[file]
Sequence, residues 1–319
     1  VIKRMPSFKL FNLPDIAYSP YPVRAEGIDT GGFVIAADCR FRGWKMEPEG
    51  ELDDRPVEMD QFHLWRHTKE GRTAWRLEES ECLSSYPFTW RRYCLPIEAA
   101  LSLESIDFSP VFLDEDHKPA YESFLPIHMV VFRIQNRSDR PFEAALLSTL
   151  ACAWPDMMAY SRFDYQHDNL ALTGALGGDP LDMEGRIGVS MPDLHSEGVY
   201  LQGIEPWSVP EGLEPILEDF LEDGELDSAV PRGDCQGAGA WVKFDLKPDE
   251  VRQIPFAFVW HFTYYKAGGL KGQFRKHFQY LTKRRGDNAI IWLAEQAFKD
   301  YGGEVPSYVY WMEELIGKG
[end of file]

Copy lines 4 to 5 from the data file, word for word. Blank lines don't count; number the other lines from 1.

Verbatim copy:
   101  LSLESIDFSP VFLDEDHKPA YESFLPIHMV VFRIQNRSDR PFEAALLSTL
   151  ACAWPDMMAY SRFDYQHDNL ALTGALGGDP LDMEGRIGVS MPDLHSEGVY